At a packed London venue in early November, Dr. Bill Lumsden, head of distilling and whisky creation for Scottish single malt distillery Glenmorangie, looked out at the crowded room full of revelers and soaked up the vibes. “We’re all about the ‘C’ word!” he shouted. Cue equal parts groans and laughter from the attendees. “No, not that one, I mean ‘consistency!’” More laughter and groaning, although exactly which other “C” word he was referring to cannot be confirmed.
This London event was a celebration of the new “It’s Kind of Delicious and Wonderful” ad campaign for the brand, a collaboration with photographer Miles Aldridge. But really it was a chance for this famously loquacious and often unfiltered whisky mad scientist to provide some of his trademark banter in front of a sympathetic and slightly tipsy audience. The fact of the matter is that Glenmorangie is consistently delicious and wonderful, and that is due in large part to Lumsden’s penchant for boundary pushing and experimentation.
More from Robb Report
Earlier that day, I had a chance to talk to him in a much quieter (and sober) hotel conference room, and as usual he was one of the most interesting figures in the scotch whisky industry. I’m not going to call him the Willy Wonka of whisky, because way too many writers have beat me to that analogy. So how about this instead—he’s a tousled Victor Frankenstein giving life to single malts that become more powerful than their creator… although this whisky isn’t assembled from body parts and doesn’t run amok and destroy villages. I guess that’s why the overused Wonka analogy just works better.
“My philosophy about whisky creation hasn’t changed from the day I joined the company,” said Lumsden. “What has changed is the acceptance of what I do… Part of the challenge I have is to try and work within the rules, but do something a little bit different. I never just do things for the sake of doing it. At the end of the day, can I produce a product that’s going to be good?” Then he dropped in another ambiguous letter word. “Will I be able to still add the D into it? That has to be the driver.” (The “D,” stands for “delicious,” by the way.)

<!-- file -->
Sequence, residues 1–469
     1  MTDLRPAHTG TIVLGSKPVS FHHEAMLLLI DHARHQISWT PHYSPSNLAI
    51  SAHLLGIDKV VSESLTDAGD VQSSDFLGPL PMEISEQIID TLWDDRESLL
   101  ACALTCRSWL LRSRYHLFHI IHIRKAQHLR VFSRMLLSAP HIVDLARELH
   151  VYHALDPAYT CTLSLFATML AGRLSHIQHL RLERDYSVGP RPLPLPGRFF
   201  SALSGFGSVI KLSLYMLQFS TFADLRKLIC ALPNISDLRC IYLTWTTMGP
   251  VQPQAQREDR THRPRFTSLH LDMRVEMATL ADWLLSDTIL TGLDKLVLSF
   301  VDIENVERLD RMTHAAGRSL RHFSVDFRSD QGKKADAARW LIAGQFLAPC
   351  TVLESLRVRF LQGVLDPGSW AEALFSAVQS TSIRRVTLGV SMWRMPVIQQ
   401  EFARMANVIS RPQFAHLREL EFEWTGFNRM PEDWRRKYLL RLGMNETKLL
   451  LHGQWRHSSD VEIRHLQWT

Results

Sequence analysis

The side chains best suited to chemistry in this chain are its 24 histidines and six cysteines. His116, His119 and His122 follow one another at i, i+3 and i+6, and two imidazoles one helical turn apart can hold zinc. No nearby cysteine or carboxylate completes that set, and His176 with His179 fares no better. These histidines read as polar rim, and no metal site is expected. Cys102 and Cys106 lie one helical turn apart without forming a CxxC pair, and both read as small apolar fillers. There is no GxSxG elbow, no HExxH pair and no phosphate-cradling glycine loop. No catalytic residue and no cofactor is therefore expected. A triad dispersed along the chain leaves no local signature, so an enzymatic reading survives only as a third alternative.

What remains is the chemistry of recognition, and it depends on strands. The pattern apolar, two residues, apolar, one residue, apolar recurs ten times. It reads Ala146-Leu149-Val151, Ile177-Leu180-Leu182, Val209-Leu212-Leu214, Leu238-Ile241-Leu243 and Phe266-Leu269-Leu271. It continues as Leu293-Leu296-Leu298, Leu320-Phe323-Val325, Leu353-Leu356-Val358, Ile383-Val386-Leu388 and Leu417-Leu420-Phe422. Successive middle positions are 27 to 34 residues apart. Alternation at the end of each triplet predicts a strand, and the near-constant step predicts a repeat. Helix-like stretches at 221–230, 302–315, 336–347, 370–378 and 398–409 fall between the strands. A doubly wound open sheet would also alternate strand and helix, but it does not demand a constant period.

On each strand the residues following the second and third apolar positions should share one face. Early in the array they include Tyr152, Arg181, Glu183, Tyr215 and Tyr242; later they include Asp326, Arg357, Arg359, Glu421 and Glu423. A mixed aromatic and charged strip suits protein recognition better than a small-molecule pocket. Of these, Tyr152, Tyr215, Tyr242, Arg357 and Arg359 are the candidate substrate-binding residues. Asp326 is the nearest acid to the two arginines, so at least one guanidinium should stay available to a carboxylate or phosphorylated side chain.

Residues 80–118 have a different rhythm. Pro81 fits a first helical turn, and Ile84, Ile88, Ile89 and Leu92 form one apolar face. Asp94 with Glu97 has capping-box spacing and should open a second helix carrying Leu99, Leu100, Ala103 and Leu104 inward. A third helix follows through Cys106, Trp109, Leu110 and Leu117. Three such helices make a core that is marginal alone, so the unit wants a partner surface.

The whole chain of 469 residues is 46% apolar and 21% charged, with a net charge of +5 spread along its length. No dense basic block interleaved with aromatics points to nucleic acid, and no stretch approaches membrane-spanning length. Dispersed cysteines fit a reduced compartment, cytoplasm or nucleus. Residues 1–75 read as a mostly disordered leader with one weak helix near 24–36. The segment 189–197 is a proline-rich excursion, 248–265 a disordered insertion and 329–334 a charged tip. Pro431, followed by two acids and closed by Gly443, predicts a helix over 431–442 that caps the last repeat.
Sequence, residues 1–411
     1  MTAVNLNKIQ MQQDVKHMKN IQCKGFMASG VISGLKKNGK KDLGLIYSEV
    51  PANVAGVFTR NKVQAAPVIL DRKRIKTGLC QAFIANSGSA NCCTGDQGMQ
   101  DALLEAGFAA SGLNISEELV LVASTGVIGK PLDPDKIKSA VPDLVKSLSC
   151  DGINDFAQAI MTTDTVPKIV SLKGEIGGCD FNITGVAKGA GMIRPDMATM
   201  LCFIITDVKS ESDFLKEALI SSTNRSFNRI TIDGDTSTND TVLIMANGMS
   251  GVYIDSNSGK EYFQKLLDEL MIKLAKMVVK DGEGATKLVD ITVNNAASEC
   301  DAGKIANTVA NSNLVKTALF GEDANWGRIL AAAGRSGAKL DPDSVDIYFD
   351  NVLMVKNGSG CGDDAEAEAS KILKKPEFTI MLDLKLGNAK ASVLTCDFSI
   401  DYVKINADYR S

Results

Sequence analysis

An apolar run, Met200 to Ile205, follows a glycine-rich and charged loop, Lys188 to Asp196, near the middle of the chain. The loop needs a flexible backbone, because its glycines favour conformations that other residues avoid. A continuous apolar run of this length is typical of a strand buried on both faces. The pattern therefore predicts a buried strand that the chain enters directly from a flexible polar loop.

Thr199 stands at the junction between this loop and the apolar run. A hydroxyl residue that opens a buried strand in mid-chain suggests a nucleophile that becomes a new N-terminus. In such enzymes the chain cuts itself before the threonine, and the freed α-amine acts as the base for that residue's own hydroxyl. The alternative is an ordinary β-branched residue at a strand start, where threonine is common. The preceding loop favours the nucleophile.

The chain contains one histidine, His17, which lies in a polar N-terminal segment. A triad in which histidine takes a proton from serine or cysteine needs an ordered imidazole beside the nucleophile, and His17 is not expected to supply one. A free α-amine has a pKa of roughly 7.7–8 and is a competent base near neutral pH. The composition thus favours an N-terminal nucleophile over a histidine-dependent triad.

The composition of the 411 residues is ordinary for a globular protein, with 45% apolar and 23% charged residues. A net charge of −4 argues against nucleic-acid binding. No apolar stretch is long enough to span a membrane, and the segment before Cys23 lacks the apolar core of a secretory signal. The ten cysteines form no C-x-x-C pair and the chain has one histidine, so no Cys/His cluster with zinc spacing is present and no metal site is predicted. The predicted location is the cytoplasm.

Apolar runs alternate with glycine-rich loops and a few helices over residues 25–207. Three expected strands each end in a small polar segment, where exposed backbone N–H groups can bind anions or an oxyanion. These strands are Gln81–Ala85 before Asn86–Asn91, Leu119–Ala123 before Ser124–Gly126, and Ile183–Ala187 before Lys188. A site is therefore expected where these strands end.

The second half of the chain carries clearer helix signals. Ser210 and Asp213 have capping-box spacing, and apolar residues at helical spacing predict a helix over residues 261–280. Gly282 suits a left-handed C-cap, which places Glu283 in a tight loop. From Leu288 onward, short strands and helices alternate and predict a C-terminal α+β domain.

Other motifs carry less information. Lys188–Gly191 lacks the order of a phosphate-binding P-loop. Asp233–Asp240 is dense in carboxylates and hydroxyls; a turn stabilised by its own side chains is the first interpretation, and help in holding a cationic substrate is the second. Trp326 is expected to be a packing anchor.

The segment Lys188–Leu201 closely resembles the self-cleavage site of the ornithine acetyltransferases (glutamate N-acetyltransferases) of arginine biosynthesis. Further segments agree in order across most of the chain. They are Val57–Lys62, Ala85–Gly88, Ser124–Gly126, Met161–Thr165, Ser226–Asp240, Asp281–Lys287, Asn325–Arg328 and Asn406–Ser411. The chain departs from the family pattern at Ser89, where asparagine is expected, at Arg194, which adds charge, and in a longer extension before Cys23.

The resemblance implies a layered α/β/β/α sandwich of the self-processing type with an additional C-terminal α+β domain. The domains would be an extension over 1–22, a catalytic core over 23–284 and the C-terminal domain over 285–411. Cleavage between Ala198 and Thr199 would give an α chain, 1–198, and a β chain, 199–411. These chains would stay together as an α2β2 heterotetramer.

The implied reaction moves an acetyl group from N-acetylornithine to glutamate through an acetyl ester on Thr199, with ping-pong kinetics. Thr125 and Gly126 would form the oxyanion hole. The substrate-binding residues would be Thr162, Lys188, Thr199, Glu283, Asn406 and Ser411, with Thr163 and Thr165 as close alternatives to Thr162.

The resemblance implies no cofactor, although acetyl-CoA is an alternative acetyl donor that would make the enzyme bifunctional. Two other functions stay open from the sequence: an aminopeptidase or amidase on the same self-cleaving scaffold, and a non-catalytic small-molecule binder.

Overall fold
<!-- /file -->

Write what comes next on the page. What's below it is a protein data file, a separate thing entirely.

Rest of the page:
To that end, the most recent experiment that Lumsden brought to life is called Tale of the Forest. Actually, he came up with this idea years ago because the whisky has been aging in barrels for at least a decade, but this single malt made from barley kilned with wild botanicals was released this fall. That concept might sound more like gin than whisky, but this is still single malt as defined by the Scotch Whisky Association’s rules and regulations—as Lumsden noted, ultimately he has to work within those guidelines. Some other examples of his unique take on the category include Allta, a 12-year-old whisky made with wild yeast instead of the standard strain widely used by the industry, the Palo Cortado single malt finished in this uncommon type of sherry cask, Spios which is aged in rye whiskey barrels instead of the usual bourbon, and Tusail which is made from a variety of floor malted barley that hasn’t been used much over the last 50 years.